However, it inspired me to try it out for myself. Since I don't have a cast-iron skillet (and if I did, I'm not even sure I'd be able to lift it to the stove), I took out my non-stick frying pan. I knew from the start that this wouldn't quite work out the way I wanted it to, but I was honestly more interested in making the toppings work than in making the skillet idea work. So, in preparation for the inevitable failure of my frying pan method, I preheated my milchig convection oven.

I drizzled a small amount of olive oil in the pan (more for flavor than for lubrication since it was a non-stick pan) and started putting my toppings on. It quickly became apparent that, as I had feared, the bottom was going to cook and the toppings wouldn't even warm up. So I slid my pizza onto a spatula and moved it quickly to the oven to finish cooking. I decided to do this with each pizza because I found that when I allowed the crust to begin cooking in a pan, it was actually possible to transport it to my oven without it falling apart en route.

When they finished baking, the pizzas were delicious without being overly heavy or greasy. I wouldn't call it the healthiest dinner in the world, but it's certainly a step up from your average pizza, and you FEEL healthier when eating it.

That said, I would like to apologize for failing to get pictures. It was just too delicious to last that long!

Non-Greasy Pizza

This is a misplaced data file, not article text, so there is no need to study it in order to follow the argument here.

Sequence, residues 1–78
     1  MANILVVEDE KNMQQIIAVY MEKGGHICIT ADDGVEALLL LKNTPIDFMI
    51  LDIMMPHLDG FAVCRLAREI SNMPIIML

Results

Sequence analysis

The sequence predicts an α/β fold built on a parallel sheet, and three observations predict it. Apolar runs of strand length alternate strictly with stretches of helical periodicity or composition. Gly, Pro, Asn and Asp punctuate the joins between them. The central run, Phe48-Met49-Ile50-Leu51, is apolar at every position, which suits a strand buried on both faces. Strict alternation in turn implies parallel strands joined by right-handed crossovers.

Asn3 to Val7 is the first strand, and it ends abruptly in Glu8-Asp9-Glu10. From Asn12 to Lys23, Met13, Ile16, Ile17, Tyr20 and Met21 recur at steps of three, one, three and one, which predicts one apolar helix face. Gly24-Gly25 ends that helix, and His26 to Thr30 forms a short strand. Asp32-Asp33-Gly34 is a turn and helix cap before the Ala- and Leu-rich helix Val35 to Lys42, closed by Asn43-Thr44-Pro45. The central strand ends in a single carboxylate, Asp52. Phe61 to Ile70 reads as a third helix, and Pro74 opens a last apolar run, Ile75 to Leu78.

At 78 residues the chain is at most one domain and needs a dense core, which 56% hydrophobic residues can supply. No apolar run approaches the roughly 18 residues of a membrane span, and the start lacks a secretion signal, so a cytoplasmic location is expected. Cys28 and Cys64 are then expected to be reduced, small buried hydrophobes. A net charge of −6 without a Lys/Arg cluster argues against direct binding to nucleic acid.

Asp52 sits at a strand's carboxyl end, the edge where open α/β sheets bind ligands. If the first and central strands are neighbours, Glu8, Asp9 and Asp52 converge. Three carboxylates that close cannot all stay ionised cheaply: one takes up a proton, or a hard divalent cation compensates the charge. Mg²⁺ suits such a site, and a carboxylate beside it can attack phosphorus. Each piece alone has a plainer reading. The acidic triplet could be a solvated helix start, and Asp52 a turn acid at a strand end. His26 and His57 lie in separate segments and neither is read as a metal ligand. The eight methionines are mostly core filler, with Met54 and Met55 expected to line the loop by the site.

• Homemade Pizza Dough (see here for my recipe)
  • 1/2 container of Ricotta cheese
  • 1/4 C mozzarella cheese
  • Basil (ideally fresh, but I only had dried and it worked)
  • Marinara Sauce (preferably one with basil and Tomato chunks)
  • Veggie toppings of your choice (I used canned corn, because it's what I had on hand. I recommend trying spinach, or similarly light toppings. Avoid imposing flavors like green olives)
  1. Roll out your dough to be no larger than your frying pan. (If necessary, portion out into smaller pizzas) I recommend rolling it out pretty thin since it will probably puff while baking.
  2. Mix the mozzarella and ricotta cheeses together.
  3. Drizzle a light amount of olive oil into your pan and begin warming it on the stove at a medium temperature.
  4. When the pan is warm, put your crust in the pan and begin topping it. Spread the sauce in the middle, going until 1/2 inch from the edge of the crust. Sprinkle some basil on top of the sauce, along with any toppings you choose, and place dollops of the cheese mixture around the pizza. Important! Do not put too much cheese on the pizza. You want to have the sauce showing through. Place the small dollops at least an inch apart from each other.